How to Write an Obituary
Writing an obituary is an important step after the death of a loved one. When faced with a death in the family everything can be made incredibly difficult. Trying to cope with your loss while also covering all of the little details can be overwhelming and make it difficult to put thoughts into words. Additionally, it is hard to sum up the lives of your loved ones in just a few paragraphs. With this in mind, we have decided to put together some basic information with regard to preparing and writing an obituary. For most, this will be a new experience and knowing what information you need to cover can be tricky. Many people stick with traditional points, varying the length from a few sentences to most of a page. Keeping an obituary short and to the point, while touching on one or two highlights, is always a good choice. There will be plenty of time going forward to pay proper respects in detail, but you still don’t want to skimp on the details too much. This is, after all, a public declaration and homage to your loved one and should honour them as such.
As always, there is some basic information that needs to be covered. This gives a general rundown of who the deceased was, as well as highlighting their immediate family.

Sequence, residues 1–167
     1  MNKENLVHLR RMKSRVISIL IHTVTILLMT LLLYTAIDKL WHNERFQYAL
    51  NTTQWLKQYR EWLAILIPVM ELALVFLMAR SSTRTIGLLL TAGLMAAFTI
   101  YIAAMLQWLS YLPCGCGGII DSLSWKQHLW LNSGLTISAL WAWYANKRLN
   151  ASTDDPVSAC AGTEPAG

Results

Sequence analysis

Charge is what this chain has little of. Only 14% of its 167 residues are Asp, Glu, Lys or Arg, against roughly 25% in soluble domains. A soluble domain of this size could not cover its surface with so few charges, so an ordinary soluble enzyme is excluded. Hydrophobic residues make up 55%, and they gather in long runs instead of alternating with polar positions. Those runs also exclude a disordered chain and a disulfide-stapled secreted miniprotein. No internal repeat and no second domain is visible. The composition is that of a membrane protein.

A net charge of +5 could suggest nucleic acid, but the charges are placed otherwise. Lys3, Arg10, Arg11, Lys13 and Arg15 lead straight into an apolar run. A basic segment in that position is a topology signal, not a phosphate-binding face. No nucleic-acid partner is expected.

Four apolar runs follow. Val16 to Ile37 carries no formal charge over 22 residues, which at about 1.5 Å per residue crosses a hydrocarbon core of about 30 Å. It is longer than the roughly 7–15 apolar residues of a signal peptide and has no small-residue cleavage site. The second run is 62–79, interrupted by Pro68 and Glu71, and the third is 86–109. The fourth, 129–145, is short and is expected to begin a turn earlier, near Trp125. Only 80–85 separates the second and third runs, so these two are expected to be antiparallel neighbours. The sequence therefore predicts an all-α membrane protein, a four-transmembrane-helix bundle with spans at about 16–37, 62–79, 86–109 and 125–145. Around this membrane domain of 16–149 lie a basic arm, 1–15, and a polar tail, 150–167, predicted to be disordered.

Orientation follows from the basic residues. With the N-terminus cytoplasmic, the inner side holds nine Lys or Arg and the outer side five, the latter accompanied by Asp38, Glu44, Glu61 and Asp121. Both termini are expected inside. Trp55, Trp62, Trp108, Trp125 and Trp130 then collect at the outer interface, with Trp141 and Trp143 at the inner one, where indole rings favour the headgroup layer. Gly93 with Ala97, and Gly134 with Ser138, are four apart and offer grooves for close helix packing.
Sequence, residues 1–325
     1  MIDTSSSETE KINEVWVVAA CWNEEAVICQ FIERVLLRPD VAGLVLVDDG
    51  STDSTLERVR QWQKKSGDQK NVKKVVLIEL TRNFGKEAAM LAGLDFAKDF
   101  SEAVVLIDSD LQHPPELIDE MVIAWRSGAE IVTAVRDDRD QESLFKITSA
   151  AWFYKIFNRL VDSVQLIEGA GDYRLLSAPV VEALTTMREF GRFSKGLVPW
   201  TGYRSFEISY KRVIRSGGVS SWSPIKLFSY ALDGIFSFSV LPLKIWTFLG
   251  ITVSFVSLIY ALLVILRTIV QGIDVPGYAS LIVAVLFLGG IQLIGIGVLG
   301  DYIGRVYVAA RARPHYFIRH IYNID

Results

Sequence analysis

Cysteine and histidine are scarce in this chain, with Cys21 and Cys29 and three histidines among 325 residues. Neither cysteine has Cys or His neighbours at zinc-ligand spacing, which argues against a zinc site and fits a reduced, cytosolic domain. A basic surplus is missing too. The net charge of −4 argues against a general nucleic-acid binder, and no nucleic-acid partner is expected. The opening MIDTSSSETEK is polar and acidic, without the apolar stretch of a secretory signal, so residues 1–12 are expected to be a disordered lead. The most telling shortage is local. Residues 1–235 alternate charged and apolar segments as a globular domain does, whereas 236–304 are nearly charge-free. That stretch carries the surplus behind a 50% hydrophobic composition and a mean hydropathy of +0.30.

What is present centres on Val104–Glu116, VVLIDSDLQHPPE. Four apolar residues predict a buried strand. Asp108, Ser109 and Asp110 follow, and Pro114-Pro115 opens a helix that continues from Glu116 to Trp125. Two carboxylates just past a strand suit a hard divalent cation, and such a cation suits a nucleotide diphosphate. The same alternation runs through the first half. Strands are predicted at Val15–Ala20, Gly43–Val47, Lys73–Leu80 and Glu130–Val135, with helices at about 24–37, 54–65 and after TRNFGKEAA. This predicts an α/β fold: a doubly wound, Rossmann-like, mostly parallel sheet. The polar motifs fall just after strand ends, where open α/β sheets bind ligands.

You should include:
● Deceased’s name
● Place of birth and place of death
● Date of birth and date of death
● Info relating to memorials/donations
● Their immediate family
● Any pertinent information regarding the funeral service (Date, time, location, and any other useful info)
Once you’ve got the basics down, you can start getting creative. While you don’t want to drone on for ages, you do want to touch on some of the deceased more memorable moments or stories. Writing about experiences that highlight their good points and how much they were respected is always a solid choice. Funny stories about good times that everyone can relate to are also a big favourite.
Many people tend to focus on specific memories that they shared with the deceased. Obituaries are like a summarizing conclusion to one’s public life and remembering the good times you shared will remind others of how the deceased changed their lives for the better. Covering skills and hobbies or mentioning how they used their abilities to make the world a better place are always welcome, too.
Personality is another point that is covered a lot in obituaries. If they were quick to laugh or full of interesting knowledge, feel free to put that in. We can’t stress enough that an obituary is a sort of highlight reel. Too long and people will lose interest, so keep it short, sweet, and engaging.
When all's said and done, writing an obituary is a very personal experience. The contents, apart from the bulleted points, are all very fluid. The best choice is writing about something from the heart that shows just how much you and everyone else cared about your loved one. If you make your obituary open and honest, while highlighting the deceased’s best achievements, you can never go wrong. If you have any further questions, please do not hesitate to get in touch with Lietz-Fraze Funeral Home to clear up any concerns you may have.